Although dissemination of the reports varied by content, standard recipients included the intelligence community, certain military components, the White House, and the State Department. FBI dissemination always included the Director, but varied by topic, with some reports provided to specific field offices and Legal Attachés and other reports disseminated to all field offices.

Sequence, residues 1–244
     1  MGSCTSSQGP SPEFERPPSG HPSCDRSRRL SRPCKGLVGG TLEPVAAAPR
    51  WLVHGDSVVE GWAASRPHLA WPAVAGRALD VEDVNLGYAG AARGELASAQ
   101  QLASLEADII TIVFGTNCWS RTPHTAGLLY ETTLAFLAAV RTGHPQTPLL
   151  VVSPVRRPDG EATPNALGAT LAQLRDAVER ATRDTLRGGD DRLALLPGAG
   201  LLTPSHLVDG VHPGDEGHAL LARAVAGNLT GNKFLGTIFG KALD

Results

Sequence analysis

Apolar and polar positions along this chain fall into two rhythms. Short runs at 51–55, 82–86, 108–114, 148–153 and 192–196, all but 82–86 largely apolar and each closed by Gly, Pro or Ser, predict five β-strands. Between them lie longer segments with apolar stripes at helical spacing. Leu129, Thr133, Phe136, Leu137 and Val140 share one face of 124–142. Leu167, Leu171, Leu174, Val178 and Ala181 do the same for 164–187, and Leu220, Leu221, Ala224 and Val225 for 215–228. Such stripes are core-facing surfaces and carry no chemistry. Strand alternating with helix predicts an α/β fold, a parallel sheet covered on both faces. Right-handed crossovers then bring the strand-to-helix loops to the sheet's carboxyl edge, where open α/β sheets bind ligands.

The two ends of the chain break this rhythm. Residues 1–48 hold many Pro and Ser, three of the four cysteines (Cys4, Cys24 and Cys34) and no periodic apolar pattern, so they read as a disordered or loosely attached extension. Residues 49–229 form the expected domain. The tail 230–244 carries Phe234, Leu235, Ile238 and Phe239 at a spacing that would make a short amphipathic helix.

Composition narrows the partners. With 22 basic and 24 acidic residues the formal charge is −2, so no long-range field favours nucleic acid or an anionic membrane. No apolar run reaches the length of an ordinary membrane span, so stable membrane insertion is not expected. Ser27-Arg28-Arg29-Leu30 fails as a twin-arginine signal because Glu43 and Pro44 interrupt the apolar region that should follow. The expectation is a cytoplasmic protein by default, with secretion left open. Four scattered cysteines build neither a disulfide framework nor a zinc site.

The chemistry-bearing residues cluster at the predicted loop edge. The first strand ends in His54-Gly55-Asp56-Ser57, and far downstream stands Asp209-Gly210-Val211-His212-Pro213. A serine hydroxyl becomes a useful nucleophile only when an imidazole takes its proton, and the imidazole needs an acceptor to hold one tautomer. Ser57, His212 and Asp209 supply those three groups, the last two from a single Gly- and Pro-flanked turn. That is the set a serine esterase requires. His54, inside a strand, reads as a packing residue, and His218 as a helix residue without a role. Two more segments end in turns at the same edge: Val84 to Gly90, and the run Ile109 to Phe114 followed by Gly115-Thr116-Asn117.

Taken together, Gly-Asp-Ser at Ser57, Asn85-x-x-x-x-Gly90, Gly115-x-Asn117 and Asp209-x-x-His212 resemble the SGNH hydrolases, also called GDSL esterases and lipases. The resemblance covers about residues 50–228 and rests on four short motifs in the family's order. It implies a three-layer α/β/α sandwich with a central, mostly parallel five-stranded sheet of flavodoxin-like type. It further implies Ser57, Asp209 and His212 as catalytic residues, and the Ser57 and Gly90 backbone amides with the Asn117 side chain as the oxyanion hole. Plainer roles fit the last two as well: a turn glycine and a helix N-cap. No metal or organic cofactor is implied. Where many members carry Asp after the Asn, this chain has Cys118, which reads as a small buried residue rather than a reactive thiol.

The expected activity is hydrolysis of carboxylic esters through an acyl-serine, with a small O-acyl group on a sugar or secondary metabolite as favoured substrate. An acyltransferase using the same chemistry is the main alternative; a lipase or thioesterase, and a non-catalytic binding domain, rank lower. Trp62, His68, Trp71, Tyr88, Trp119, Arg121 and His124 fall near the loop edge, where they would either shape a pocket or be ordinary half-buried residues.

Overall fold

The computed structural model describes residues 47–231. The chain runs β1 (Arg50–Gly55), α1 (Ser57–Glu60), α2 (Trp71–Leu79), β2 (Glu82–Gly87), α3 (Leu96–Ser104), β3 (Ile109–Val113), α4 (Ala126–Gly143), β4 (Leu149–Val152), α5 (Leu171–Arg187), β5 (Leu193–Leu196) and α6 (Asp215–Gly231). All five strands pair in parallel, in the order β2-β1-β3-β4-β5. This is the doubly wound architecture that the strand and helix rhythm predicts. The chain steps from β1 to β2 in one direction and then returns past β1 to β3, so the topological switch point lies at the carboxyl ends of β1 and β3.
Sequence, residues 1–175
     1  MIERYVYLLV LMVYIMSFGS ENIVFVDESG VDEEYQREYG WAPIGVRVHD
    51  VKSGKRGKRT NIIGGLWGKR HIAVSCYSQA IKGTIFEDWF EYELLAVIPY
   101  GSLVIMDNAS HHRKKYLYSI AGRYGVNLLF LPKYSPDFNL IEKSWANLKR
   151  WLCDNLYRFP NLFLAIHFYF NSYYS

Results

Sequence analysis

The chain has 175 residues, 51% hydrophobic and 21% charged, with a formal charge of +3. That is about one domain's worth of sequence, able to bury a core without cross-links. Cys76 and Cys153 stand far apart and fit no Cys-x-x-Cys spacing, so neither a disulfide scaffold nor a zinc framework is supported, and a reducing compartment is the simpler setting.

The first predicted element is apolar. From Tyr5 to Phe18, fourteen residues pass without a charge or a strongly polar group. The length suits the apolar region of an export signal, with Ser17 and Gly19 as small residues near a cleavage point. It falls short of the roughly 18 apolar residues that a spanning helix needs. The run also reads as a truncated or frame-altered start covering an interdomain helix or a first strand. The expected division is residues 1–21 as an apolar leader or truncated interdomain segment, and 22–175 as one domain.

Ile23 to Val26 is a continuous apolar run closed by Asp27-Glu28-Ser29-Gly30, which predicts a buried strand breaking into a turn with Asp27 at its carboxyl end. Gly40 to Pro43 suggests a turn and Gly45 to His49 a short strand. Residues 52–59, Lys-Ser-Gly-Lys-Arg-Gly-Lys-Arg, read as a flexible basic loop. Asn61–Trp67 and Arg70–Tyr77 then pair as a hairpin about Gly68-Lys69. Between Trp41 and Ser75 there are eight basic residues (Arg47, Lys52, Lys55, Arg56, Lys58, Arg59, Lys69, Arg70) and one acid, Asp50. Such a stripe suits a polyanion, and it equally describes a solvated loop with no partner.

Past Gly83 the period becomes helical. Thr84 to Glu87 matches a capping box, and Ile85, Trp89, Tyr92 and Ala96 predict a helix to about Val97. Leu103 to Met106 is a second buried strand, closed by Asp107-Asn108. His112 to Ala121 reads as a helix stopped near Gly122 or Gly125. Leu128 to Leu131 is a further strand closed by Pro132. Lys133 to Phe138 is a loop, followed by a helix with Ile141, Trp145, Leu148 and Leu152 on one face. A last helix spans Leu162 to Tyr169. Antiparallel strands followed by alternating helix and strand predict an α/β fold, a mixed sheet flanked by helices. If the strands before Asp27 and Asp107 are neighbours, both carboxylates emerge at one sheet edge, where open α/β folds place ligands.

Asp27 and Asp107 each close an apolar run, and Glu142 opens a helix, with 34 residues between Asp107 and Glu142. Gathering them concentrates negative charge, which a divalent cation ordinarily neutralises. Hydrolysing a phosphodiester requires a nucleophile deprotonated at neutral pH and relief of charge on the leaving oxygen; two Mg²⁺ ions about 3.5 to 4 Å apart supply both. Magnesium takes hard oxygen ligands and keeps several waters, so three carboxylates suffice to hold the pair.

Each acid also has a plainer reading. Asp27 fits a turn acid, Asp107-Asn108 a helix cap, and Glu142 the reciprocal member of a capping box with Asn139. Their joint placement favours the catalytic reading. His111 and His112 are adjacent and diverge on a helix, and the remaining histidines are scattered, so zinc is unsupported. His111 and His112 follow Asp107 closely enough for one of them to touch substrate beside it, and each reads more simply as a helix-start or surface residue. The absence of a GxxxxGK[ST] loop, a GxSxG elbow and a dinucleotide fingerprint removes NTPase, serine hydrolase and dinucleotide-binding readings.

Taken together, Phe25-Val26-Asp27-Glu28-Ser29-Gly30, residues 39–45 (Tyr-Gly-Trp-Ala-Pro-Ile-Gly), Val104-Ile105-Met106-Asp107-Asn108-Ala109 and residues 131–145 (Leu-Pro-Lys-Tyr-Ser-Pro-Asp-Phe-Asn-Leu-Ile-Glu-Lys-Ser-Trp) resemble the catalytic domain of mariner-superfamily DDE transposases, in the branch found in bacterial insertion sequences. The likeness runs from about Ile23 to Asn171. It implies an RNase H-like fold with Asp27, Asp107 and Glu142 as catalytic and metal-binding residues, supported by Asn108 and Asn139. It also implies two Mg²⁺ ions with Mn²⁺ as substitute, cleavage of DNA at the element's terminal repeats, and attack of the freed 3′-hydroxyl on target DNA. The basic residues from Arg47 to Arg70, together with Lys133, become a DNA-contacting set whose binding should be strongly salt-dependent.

Nearly all of the sampled IIRs related to international terrorists or terrorist activities. A few reports related to [CLASSIFIED INFORMATION REDACTED]. One report seemed to have a criminal focus, but it alluded to an unsubstantiated threat to the President. The information in the reports seemed to be as detailed as possible and would provide recipients with potentially useful information for follow-up or operational action. The reports are not analyzed intelligence or necessarily validated, and this fact is made clear in the reports. The IIRs are not broad threat assessments, intelligence estimates, or finished intelligence products. Rather, the IIRs disseminate specific intelligence to parties that need to know and may need to act quickly on the information. Also, in some cases the FBI is requesting recipients to determine if they have additional information on the topic that can be provided to the FBI.